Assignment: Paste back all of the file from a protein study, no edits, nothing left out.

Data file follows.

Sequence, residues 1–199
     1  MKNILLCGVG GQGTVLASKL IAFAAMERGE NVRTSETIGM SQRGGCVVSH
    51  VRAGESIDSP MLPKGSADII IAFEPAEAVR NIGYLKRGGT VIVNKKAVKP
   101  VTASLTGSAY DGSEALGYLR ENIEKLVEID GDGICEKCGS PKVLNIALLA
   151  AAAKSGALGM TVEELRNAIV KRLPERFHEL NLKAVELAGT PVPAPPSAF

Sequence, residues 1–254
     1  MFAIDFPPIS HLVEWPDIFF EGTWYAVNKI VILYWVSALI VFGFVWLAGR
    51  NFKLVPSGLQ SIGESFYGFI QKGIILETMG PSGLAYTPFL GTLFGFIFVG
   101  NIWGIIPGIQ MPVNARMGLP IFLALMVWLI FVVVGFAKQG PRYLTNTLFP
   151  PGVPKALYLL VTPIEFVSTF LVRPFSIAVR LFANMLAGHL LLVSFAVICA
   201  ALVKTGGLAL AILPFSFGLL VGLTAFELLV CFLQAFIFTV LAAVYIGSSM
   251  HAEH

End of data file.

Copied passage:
Sequence, residues 1–199
     1  MKNILLCGVG GQGTVLASKL IAFAAMERGE NVRTSETIGM SQRGGCVVSH
    51  VRAGESIDSP MLPKGSADII IAFEPAEAVR NIGYLKRGGT VIVNKKAVKP
   101  VTASLTGSAY DGSEALGYLR ENIEKLVEID GDGICEKCGS PKVLNIALLA
   151  AAAKSGALGM TVEELRNAIV KRLPERFHEL NLKAVELAGT PVPAPPSAF

Sequence, residues 1–254
     1  MFAIDFPPIS HLVEWPDIFF EGTWYAVNKI VILYWVSALI VFGFVWLAGR
    51  NFKLVPSGLQ SIGESFYGFI QKGIILETMG PSGLAYTPFL GTLFGFIFVG
   101  NIWGIIPGIQ MPVNARMGLP IFLALMVWLI FVVVGFAKQG PRYLTNTLFP
   151  PGVPKALYLL VTPIEFVSTF LVRPFSIAVR LFANMLAGHL LLVSFAVICA
   201  ALVKTGGLAL AILPFSFGLL VGLTAFELLV CFLQAFIFTV LAAVYIGSSM
   251  HAEH